The screenwriter and director (who also wrecked Spartacus) should be ashamed of the piece of garbage the created from such a solid book of source material. Nobody should ever give EITHER of these bufoons a job again, unles its puching a mop at McDonalds.

    Even the 1971 movie, although dated, did a better job of maintaining characters, suspense, conflict, and interest.

    Go read the book (or re-read it), and save yourselves the waste of time this garbage is.

  • MaryAnn

    Well, the second half does indeed make it plain why A&E did not send out screeners of the second half. :->

  • Ryan

    Spoilers below:

    I think my favorite part of the second half was Benjamin Bratt’s character just sort of chilling on a ladder while the military scientist died and then a second scientist CAME AFTER HIM and killed himself to cut off the first guys thumb and then toss it up to Bratt’s character. (This after he left a woman to potentially die in the decon chamber)

    Also, while Bratt’s physically strong character fumbled weakly to press the severed thumb against the panel, the much weaker looking character played by Daniel Dae Kim who was dying of serious radiation overdoses…freaking hurled that thumb up to him. That was the most ludicrous sequence of events I have ever seen committed to television. (OK, it was in the top 10 though) My friends and I were laughing non-stop. This is one of those ‘movies’ the greatness of which can only be appreciated by being added to the MST3K roster.

    Also amusing, the alcoholic wife gazing inscrutably at her ex-husband on TV at the end, well her kid tells her, ‘hey, he saved the world…gotta give him props!’ Way to resolve that plot!

    I could go on, but this is a classic…as long as you watch it with friends and know a few good drinking games.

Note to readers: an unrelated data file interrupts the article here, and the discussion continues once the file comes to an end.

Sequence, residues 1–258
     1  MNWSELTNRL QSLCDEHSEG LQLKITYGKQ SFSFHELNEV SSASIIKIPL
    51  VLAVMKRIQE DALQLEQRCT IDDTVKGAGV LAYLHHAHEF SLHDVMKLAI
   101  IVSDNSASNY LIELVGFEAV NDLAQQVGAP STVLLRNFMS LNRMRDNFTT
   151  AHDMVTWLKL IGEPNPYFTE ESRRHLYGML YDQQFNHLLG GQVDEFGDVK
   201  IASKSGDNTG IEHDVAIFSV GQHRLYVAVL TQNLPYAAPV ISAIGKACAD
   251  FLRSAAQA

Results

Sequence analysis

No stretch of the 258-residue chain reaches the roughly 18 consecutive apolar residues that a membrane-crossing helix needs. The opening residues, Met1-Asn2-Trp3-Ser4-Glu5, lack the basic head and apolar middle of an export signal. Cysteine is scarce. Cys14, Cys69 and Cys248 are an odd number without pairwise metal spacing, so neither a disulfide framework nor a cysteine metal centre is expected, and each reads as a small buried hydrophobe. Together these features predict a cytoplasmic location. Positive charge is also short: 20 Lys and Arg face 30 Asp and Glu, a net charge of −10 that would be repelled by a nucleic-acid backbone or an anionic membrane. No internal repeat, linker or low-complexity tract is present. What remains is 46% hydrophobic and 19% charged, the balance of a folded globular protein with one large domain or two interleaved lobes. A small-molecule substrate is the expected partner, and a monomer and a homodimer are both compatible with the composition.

• Robert

    Well, the second half does indeed make it plain why A&E did not send out screeners of the second half.

    So, did you find yourself having any “seriously goofy fun” on Night 2?

    The screenwriter and director (who also wrecked Spartacus) should be ashamed of the piece of garbage the created from such a solid book of source material.

    So we can take heart that despite the protracted writer’s strike, things are back to business as usual, they haven’t lost a thing.

    These are all people who are in it for a paycheck. Writers who don’t care what kind of crap they put out. A bunch of actors hurtling headlong toward joining Erik Estrada on the autograph convention tour and pitching swampland at 2AM.

  • MaryAnn

    So, did you find yourself having any “seriously goofy fun” on Night 2?

    Only in laughing at it. And Benjamin Bratt is still hot, even when he’s doing some really dumb stuff. :->

    So we can take heart that despite the protracted writer’s strike, things are back to business as usual, they haven’t lost a thing.

    I seriously doubt this mini was impacted in any way by the writers’ strike.

  • Ryan

    It is strange how off the tracks the script went on night two…because the first part was honestly pretty good, especially for an A&E made for TV movie. I wonder if they had some editing issues…or if they just realized they had written themselves into a corner, with too many plots to resolve.

    Oh, and since a definitive cure to Andromeda had been developed…why would the secret organization at the end care about hiding it? It would seem to be notably less potent now that there is a known cure.